Harry Potter might not have to worry about paying Medical Insurance. If one of his children was severely injured he could mix a potion of mandrake and fix them right up.  Would he simply “Apparate” if the kids were annoying?  Or, maybe use the invisibility cloak to spy on his offspring to see what they were up to?  I know I would have loved to have had an invisibility cloak with my teenager.  Teens not feeling well?  Instead of having health plans with doctor co-pay he could just take them to the clinic at Hogwarts. For sure if he caught them misbehaving at Hog’s Head Pub in Hogsmeade they might not be allowed to go to the next Quidditch match.  I wonder if he would have a High Deductible Health Plan for his kids. Would he obtain Health Insurance Quotes and pay his Medical Insurance with his gold in Gringotts?  Too much Firewhisky for the Potter kids?  Non magical parents have had occasions to teach their teenagers lawn mowing techniques after too much Firewhisky.  Maybe when the Potter teenagers really got out of line he would throw a pinch of Floo Powder into the fireplace and send them via the Floo Network off to Grandmas’.

I wish J.K . Rowling would just keep on writing Harry Potter books so we could discover how wizards deal with their troublesome, yet heartbreakingly wondrous teenagers.  In the Muggle world (those are non-magical people) we struggle quite a bit trying to discipline the half-child/half-adult without breaking the spirit.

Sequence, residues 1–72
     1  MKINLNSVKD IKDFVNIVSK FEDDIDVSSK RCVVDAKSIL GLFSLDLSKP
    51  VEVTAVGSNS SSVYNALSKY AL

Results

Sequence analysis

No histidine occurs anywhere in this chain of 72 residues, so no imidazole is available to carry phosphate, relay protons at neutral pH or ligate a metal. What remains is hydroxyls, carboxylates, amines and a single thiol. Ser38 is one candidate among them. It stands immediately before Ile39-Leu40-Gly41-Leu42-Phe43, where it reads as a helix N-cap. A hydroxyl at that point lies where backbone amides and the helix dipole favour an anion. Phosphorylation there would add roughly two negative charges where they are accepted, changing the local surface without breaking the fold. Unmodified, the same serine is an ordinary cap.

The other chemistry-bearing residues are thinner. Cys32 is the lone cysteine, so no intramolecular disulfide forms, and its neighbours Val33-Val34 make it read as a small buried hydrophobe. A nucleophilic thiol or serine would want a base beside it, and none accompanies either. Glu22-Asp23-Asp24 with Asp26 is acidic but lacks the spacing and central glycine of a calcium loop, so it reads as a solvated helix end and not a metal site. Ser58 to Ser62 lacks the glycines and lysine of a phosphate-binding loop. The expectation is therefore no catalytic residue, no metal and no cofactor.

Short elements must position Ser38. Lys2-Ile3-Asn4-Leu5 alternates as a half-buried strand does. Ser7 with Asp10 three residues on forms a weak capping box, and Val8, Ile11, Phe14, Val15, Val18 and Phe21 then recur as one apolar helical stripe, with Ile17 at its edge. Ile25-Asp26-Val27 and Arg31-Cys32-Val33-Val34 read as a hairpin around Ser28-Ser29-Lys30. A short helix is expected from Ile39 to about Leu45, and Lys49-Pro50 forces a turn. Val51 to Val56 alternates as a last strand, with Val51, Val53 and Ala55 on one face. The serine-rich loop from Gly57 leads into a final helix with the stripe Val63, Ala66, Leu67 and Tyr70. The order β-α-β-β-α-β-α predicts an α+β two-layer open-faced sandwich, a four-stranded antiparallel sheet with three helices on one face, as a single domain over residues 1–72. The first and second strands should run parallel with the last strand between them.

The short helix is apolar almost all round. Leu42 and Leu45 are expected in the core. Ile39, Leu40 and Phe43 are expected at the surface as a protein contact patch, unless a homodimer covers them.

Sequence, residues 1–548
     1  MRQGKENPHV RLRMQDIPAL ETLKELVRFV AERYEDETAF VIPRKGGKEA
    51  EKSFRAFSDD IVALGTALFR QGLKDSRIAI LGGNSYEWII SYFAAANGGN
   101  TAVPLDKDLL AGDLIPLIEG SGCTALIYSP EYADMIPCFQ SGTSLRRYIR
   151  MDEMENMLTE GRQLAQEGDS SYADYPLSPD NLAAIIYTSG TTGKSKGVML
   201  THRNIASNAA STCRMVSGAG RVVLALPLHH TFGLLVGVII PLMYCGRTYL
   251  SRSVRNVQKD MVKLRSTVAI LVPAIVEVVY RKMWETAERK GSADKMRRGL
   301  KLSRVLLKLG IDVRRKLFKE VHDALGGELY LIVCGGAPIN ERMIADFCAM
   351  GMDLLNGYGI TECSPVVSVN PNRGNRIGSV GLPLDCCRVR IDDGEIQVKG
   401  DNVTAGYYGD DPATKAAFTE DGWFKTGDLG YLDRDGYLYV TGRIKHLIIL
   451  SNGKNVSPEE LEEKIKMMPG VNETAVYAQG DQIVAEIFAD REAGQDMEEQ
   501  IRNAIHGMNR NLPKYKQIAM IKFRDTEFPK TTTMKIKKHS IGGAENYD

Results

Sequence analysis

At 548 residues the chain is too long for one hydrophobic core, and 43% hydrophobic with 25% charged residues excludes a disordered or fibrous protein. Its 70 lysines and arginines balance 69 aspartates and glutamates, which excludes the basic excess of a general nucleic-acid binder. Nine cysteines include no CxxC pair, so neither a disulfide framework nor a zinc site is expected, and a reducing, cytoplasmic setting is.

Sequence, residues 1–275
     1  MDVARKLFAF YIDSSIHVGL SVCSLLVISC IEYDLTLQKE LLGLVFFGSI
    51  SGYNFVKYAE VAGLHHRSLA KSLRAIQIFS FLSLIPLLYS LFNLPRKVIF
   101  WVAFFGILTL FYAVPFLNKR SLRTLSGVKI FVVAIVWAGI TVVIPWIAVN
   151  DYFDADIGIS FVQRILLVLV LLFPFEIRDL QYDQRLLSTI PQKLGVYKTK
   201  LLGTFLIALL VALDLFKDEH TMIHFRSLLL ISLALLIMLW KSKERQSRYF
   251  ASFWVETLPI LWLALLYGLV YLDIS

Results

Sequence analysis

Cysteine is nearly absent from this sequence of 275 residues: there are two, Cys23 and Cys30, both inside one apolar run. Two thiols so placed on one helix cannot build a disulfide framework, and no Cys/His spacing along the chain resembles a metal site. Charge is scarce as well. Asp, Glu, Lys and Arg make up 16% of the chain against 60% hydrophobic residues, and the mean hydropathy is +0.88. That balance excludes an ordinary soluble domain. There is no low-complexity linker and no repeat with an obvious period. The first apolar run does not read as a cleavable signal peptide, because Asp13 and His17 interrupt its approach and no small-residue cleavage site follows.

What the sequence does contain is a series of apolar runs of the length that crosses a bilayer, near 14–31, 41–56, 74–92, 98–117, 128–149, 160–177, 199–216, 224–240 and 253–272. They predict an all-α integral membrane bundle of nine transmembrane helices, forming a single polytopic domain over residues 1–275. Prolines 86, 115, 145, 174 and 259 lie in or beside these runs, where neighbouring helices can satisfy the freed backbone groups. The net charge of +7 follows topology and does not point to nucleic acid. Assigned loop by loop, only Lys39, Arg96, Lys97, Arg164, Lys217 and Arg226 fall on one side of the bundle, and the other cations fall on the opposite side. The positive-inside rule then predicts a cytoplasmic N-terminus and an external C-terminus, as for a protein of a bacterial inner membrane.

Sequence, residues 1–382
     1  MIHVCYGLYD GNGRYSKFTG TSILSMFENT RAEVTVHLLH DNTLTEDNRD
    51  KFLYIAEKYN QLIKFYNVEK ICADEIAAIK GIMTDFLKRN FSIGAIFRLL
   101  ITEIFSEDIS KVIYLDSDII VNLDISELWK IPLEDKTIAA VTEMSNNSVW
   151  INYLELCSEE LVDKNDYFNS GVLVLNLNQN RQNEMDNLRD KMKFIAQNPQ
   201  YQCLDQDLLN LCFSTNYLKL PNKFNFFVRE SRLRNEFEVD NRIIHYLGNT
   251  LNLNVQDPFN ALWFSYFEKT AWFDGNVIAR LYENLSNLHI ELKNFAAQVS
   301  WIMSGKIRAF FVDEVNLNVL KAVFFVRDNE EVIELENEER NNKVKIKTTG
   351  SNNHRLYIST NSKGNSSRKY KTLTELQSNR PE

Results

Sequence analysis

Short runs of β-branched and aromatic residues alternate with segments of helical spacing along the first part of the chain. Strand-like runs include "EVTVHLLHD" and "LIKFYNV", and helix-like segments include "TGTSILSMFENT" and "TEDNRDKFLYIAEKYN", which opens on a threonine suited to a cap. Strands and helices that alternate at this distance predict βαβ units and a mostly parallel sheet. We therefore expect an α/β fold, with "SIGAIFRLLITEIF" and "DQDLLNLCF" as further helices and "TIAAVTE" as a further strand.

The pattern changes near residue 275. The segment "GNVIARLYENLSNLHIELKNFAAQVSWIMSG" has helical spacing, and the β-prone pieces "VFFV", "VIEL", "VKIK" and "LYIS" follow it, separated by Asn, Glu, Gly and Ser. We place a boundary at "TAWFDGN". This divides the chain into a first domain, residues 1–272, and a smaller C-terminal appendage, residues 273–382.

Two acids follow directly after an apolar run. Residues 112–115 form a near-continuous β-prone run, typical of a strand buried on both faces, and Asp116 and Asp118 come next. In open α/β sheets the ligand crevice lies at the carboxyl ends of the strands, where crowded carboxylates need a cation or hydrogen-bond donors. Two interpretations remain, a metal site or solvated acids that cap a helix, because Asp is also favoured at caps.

Kids Health has some terrific ideas on how parent’s can survive the teen years. “As teens mature, they start to think more abstractly and rationally.  They’re forming their moral code.  And parents of teens may find that kids who previously had been willing to conform to please them will suddenly begin asserting themselves – and their opinions – strongly and rebelling against parental control.

You may need to look closely at how much room you give your teen to be an individual and ask yourself such questions such as: “Am I a controlling parent?”, “Do I listen to my child?,” and “Do I allow my child’s opinions and tastes to differ from my own?”

Here are some of the suggestions from Kids Health:

  •  Educate yourself by reading books about teenagers
  •  Talk to you child early enough about their bodies and the differences between boys and girls
  • Pick your battles
  • Set Expectations

Sharing your family values and discussing things openly with your teens before they’re exposed to them increases the chance that they will act responsibly when the time comes.

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